Life expectancy in the United States has steadily increased over the course of the last century, but most Americans do not live to be 85. Today, there are roughly 6 million Americans 85 and older, just 1.9% of the U.S. population. While octogenarians make up a relatively small share of the total population, some parts of America have significantly higher shares.
24/7 Wall St. reviewed population figures from the U.S. Census Bureau’s American Community Survey to determine the county in every state where the largest share of residents are at least 85 years old.
For both historical and natural reasons, there are not many Americans over the age of 85. The economic stress of the Great Depression — which took place during the 1930s — led to a decline in fertility that only picked up at the conclusion of World War II. A baby boy born in 1930 was expected to live 58 years.
Living more than 85 years is no easy feat. Over the course of such a long life, many of these individuals likely had access to medical care, healthy lifestyles, and were lucky enough to avoid accidents. Environmental conditions and other factors also play some role in an individual’s life span.
> Pct. of population 85 and over: 2.7%
> Pct. of state population 85 and over: 2.4%
> Median age: 39.6 years
> Average annual retirement income: $24,983
It might be expected that the communities with higher shares of older residents are retirement destinations. However, the counties with the highest shares of adults 85 and older are in places like Montana, Nebraska, and Kansas, rather than in states where tens of thousands of retired Americans move each year, such as Florida, Arizona, and California.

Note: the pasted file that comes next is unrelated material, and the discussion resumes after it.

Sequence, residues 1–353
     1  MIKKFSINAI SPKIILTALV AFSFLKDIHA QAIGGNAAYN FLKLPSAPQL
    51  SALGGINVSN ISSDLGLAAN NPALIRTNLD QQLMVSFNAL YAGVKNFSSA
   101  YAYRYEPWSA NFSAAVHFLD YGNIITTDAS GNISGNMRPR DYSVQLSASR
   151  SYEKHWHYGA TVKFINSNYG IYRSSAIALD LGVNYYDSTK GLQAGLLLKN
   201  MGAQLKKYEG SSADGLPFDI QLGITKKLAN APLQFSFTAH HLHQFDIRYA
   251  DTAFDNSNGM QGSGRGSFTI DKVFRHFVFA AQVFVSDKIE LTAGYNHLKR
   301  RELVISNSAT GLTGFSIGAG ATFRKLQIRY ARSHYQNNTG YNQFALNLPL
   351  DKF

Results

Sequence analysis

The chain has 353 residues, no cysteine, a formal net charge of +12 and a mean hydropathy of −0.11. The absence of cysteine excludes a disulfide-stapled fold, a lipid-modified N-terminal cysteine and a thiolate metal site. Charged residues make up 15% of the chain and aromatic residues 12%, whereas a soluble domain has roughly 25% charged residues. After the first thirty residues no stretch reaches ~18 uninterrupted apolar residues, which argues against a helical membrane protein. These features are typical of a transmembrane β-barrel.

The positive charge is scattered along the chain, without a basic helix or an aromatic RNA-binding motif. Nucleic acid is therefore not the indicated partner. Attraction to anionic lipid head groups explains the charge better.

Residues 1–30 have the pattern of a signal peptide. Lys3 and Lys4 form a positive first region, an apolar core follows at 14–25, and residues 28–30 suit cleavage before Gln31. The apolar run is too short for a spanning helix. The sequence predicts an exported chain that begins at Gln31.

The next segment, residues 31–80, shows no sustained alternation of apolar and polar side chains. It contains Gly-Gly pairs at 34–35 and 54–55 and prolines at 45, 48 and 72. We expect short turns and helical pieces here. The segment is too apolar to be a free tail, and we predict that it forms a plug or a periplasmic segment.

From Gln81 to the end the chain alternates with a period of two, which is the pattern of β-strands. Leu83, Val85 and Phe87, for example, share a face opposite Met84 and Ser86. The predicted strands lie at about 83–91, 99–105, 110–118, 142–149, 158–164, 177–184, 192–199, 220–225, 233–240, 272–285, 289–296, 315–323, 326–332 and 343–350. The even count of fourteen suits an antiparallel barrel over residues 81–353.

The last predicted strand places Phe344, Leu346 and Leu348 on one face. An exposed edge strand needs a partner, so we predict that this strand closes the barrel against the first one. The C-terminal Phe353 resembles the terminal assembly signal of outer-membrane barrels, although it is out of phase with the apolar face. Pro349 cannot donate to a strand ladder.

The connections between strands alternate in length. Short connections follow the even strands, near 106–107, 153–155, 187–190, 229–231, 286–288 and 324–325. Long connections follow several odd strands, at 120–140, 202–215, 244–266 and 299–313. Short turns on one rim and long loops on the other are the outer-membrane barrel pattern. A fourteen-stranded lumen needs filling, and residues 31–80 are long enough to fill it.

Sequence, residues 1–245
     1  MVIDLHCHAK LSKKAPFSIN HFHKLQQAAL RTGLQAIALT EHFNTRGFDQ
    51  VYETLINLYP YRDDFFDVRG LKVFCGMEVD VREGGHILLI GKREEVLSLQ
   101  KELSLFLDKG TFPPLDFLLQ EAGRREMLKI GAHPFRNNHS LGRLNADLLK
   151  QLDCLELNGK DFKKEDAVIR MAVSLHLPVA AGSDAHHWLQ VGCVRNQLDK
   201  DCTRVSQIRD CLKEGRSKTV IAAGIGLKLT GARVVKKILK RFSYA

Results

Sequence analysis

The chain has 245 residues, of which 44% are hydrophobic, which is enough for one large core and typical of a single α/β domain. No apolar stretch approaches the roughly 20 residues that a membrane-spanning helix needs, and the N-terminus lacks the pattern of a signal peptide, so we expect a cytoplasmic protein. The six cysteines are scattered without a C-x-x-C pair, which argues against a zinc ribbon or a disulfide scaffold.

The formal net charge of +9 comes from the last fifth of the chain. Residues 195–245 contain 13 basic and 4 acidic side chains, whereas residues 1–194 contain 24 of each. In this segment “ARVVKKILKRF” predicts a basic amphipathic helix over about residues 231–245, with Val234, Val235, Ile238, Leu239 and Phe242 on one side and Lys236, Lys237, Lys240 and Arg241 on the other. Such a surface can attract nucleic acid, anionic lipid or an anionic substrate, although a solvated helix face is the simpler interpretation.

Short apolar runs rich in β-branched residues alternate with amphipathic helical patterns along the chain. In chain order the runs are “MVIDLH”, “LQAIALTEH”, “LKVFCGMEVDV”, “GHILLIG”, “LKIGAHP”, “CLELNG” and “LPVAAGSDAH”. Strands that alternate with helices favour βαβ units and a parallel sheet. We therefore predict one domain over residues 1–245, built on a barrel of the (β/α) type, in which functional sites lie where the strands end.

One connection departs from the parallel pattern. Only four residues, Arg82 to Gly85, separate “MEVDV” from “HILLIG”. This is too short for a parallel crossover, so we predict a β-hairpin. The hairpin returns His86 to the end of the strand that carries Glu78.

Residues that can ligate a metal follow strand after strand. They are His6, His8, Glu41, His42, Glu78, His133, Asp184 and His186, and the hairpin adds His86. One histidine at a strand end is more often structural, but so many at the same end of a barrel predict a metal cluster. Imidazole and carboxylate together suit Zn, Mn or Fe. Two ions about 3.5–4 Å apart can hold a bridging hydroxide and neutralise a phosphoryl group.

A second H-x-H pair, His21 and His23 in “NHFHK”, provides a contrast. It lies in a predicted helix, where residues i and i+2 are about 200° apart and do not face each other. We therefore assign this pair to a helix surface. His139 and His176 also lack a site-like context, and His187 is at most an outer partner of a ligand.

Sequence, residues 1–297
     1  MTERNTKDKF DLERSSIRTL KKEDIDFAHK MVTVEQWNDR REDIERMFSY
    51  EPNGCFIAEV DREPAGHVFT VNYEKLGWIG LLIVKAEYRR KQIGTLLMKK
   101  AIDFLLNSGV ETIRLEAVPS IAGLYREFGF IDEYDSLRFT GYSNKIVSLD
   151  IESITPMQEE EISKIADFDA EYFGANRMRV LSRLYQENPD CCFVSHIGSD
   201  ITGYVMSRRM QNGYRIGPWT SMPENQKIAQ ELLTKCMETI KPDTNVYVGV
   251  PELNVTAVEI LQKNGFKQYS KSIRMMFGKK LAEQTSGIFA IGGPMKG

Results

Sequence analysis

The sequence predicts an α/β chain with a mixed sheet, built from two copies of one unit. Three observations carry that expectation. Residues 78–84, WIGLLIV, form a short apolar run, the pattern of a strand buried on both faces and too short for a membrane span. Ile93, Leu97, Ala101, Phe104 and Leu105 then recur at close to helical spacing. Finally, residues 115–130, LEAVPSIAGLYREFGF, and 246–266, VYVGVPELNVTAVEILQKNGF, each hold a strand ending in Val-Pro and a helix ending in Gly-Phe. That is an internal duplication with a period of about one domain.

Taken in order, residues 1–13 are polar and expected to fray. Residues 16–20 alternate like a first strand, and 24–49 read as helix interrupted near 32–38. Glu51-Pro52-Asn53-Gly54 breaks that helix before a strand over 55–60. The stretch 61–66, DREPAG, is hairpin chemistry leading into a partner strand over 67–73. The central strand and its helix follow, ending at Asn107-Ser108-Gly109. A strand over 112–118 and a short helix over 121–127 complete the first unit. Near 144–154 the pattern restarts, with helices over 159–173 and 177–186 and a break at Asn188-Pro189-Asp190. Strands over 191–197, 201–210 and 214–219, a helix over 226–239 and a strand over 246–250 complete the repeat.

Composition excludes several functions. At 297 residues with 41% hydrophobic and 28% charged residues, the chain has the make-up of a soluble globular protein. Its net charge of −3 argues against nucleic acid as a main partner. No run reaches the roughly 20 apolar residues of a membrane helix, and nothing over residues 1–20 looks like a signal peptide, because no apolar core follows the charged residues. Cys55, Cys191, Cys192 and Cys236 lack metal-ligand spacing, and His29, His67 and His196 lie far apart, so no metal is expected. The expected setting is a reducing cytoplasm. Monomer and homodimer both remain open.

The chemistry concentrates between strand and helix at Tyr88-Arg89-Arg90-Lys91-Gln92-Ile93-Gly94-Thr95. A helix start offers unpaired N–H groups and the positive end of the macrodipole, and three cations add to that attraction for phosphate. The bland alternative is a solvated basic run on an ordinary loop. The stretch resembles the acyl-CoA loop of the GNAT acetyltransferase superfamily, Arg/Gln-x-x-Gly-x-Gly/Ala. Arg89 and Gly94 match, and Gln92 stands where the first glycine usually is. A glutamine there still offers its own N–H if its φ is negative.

Rather than being popular destinations for retirees to move, counties with the highest shares of older residents may simply have few young residents living in them. Young Americans are continually moving to urban areas and likely leaving many of the counties on this list. Older Americans, by contrast, tend to age in place. The outbound immigration of an area’s younger residents may ultimately leave a higher share of adults 85 and over.
While life expectancy tends to be higher in urban areas, many counties with the highest share of residents 85 and over are rural areas. Counties with the highest shares of octogenarians, nonagenarians, centenarians and supercentenarians are clustered in the rural Midwest — many in Montana, South Dakota, and North Dakota.
Nationwide, the population density is 87 people per square mile. In the five counties with the largest shares of residents 85 and older, the density is less than four people per square mile. Within each state, counties with lower population densities tend to have larger shares of older Americans. In Treasure County, Montana, where one in 10 residents is 85 years or older, there are just 0.7 residents per square mile.
To determine the oldest county in each state, 24/7 Wall St. reviewed population figures from the U.S. Census Bureau’s American Community Survey (ACS). Median age came from the ACS as well. The average annual retirement income was calculated from the aggregate retirement income received in the last 12 months and the number of households receiving retirement income in a given county, also from the ACS.